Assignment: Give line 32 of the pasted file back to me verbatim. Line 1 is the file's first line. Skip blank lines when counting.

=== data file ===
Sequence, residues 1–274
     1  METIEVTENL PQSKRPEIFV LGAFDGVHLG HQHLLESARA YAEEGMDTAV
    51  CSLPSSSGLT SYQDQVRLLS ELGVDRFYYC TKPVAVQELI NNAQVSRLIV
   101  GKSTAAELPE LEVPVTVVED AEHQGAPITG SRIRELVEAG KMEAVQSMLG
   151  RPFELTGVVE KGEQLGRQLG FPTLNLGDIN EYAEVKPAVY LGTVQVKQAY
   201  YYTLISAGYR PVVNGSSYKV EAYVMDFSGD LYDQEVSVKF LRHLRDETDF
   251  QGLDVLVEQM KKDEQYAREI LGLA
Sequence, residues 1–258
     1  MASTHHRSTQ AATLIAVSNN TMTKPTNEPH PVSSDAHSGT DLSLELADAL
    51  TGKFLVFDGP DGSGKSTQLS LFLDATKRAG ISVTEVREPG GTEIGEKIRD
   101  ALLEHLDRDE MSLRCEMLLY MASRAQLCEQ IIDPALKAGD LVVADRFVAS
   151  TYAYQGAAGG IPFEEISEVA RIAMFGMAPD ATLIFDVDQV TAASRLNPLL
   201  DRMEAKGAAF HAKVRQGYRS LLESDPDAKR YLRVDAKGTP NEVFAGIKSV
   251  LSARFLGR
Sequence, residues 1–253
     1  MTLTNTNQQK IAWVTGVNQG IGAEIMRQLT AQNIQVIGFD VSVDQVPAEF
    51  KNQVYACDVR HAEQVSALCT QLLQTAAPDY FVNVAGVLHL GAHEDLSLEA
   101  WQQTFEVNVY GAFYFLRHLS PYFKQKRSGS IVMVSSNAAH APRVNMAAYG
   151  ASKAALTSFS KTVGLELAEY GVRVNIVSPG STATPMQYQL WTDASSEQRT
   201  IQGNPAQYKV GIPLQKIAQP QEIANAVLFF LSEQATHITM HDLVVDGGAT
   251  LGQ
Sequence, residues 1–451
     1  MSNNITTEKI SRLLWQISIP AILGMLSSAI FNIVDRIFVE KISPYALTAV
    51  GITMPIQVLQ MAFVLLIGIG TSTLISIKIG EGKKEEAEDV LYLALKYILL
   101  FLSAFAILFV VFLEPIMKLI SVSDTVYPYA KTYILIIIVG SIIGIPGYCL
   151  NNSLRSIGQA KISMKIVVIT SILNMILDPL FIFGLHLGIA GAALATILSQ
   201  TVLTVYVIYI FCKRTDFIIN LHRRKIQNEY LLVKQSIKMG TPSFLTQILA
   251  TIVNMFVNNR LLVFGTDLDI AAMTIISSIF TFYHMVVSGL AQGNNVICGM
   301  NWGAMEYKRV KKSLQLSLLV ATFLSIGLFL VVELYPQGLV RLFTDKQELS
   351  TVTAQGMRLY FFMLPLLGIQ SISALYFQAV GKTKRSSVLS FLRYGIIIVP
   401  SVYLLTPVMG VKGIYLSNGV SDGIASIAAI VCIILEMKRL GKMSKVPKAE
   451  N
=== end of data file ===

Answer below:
   451  N